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Chinese central bank proactivity

​​​​​​Today's news headlines:

  • ‘PBOC to offer first batch of special re-lending funds on Monday’. Several major and local banks across China qualify for special re-lending funds that are being rolled out today by the central bank. The People’s Bank of China (PBOC) has said the funds are aimed at production and business activities related to combating the Coronavirus. (Bloomberg)
  • ‘Johnson to order boardroom shake-up at UK’s HS2 rail project’. Boris Johnson is due to announce a boardroom change for the UK’s High Speed 2 (HS2) rail project to cut costs today. Last year, the estimated cost of the HS2 project was £56 billion but more recent estimates are as high as £106 billion. The first phase of the project from London to Birmingham is due to open between 2028-2031. (Financial Times)
  • ‘Oil hovers near $50 as expectations of urgent OPEC meeting fade’. The outbreak of the Coronavirus has spread fear that global oil demand would be cut, prompting OPEC to consider cutting production ahead of the scheduled March meeting. However, recent reports from OPEC nations have suggested the emergency meeting will not go ahead. The news has supported oil prices around the $50-per-barrel level, down from $63 in early January. (Bloomberg)

Continued support

As the number of Coronavirus deaths surge above 900 and transportation to affected regions grinds to a halt, the Peoples Bank of China continues to step in and support liquidity in Chinese lending markets. This proactivity by the Chinese central bank is not only helping protect Chinese businesses from funding pressure and is also extending indirect support to other countries in the region. For instance, those who are being hit by some of the travel shutdowns, delays and drops in demand. Overnight, Chinese CPI came out higher than anticipated at 5.4%, continuing Q4 2019’s acceleration above the circa 1.5% - 2.5% band predominating throughout the 2013 – 2019 period.  Normally this would be a good sign of increased domestic demand, but Coronavirus brings to mind an altogether more sinister interpretation of the rise in costs.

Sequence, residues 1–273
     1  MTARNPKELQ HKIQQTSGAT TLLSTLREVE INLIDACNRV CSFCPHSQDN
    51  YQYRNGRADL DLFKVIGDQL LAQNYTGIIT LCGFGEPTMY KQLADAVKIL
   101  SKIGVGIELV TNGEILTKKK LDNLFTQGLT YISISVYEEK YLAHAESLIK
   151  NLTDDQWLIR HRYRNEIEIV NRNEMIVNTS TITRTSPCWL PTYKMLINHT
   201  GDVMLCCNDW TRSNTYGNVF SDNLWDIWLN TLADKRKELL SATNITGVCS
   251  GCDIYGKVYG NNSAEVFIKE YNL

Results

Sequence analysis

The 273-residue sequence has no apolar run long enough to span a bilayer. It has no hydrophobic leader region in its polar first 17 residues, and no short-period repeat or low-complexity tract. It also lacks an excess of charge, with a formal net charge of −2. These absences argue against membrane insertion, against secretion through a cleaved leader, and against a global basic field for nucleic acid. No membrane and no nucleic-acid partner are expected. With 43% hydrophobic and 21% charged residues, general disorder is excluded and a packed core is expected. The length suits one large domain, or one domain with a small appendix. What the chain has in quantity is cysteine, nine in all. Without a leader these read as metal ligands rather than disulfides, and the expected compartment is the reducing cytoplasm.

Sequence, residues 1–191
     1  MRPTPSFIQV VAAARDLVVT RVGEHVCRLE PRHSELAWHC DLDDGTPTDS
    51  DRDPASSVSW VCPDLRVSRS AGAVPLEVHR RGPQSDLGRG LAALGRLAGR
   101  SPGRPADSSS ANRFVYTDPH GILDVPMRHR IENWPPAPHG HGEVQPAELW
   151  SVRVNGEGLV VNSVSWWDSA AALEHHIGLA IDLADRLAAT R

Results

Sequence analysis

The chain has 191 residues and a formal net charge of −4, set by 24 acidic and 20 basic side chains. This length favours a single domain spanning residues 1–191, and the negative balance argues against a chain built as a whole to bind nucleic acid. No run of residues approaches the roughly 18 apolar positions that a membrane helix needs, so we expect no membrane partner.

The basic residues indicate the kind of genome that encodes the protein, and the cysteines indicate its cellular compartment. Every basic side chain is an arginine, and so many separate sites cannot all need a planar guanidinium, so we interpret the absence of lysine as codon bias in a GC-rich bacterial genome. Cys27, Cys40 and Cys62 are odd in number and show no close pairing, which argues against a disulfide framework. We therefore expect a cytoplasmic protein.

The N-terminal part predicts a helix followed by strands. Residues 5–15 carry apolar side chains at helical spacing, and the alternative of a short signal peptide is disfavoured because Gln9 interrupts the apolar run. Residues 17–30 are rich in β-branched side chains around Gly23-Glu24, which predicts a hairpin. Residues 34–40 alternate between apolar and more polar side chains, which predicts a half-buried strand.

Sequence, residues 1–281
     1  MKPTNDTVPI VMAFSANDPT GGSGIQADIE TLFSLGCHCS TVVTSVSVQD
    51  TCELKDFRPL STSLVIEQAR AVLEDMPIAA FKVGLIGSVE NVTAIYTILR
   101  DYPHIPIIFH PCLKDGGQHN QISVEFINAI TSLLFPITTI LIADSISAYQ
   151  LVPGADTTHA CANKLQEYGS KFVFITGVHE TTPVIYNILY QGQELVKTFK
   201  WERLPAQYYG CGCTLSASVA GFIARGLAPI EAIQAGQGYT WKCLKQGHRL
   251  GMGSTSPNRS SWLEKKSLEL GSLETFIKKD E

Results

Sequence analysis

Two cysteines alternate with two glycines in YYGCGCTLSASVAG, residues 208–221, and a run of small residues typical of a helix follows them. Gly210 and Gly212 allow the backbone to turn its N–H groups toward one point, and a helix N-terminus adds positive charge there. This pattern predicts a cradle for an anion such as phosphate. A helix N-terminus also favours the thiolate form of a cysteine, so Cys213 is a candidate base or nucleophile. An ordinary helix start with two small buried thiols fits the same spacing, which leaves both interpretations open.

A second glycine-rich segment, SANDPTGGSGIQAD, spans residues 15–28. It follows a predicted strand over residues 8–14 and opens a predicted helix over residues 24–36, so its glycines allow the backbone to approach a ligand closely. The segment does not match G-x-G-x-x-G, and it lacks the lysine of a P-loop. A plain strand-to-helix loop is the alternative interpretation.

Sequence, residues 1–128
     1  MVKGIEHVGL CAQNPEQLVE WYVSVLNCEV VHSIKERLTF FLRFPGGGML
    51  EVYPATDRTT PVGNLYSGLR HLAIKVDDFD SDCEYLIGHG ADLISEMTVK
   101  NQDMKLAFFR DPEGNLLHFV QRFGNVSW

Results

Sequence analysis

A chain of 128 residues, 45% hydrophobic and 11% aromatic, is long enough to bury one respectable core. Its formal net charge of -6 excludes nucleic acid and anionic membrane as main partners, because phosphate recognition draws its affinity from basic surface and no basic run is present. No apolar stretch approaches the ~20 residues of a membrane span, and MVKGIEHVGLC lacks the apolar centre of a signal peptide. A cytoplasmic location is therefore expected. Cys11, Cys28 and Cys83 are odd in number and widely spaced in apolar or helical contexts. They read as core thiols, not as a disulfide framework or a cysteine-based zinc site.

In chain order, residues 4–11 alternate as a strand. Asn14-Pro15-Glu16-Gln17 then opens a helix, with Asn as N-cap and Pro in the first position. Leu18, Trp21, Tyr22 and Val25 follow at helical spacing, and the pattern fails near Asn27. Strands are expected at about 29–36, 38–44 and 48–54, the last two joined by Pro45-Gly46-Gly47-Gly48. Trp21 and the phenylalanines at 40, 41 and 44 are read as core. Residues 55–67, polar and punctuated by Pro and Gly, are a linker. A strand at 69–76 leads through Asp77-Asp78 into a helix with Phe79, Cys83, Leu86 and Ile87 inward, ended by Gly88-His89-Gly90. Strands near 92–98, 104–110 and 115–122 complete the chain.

Bottom line: In this case, oil remains a good barometer of global growth and is hovering around 54USD per barrel. Aside from the sell-off in December 2018 – coinciding with the larger market sell-off in risk assets – this marks the lowest level after the 2015-2017 oil doldrums, where Brent crude reached as low as 28USD per barrel. With few economic data points out today, the market seems to be focused on the political news headlines out of Ireland and Germany, where shift in power appears to be taking place.


Cable edged lower on London open this morning, pushing the pair below the 1.29 level after ticking above the big figure in overnight trading. Various Federal Reserve members will be speaking later today which may bring some volatility for the pair in a light data for the economic calendar. On a trade weighted basis, Sterling trades near the bottom of its two-month range while the US-Dollar extends year-to-date highs.


With Sterling and the Euro extending losses against the US Dollar in February, the currency-cross has remained relatively flat. The pair opened London this morning just below the 50-daily moving average at 1.1787 which may provide short-term resistance ahead of tomorrow’s UK GDP release. A continuation of the pair’s recent weekly range can be expected as the Euro remain pinned to its trade-weighted lows while the Sterling index continues to be range bound.


The pair traded relatively flat in Asia’s overnight trading session around the 1.0950 level. Low volatility can be expected to continue amid a light economic calendar in today’s session, although Federal Reserve members - who are speaking later this afternoon and into the evening - could prompt some short-term volatility for the pair. This morning’s weak Italian industrial production adds more gloom to the Eurozone outlook, making a significant uptick in the short-run unlikely.